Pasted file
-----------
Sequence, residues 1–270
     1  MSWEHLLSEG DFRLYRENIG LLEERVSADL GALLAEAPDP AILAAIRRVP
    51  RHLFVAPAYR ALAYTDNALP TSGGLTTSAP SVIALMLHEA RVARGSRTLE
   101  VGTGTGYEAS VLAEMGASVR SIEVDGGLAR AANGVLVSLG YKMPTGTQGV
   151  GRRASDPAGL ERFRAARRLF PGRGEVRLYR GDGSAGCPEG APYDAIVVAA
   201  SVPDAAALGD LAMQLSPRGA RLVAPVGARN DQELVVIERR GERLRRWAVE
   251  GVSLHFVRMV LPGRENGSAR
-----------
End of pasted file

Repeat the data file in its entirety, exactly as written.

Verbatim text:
Sequence, residues 1–270
     1  MSWEHLLSEG DFRLYRENIG LLEERVSADL GALLAEAPDP AILAAIRRVP
    51  RHLFVAPAYR ALAYTDNALP TSGGLTTSAP SVIALMLHEA RVARGSRTLE
   101  VGTGTGYEAS VLAEMGASVR SIEVDGGLAR AANGVLVSLG YKMPTGTQGV
   151  GRRASDPAGL ERFRAARRLF PGRGEVRLYR GDGSAGCPEG APYDAIVVAA
   201  SVPDAAALGD LAMQLSPRGA RLVAPVGARN DQELVVIERR GERLRRWAVE
   251  GVSLHFVRMV LPGRENGSAR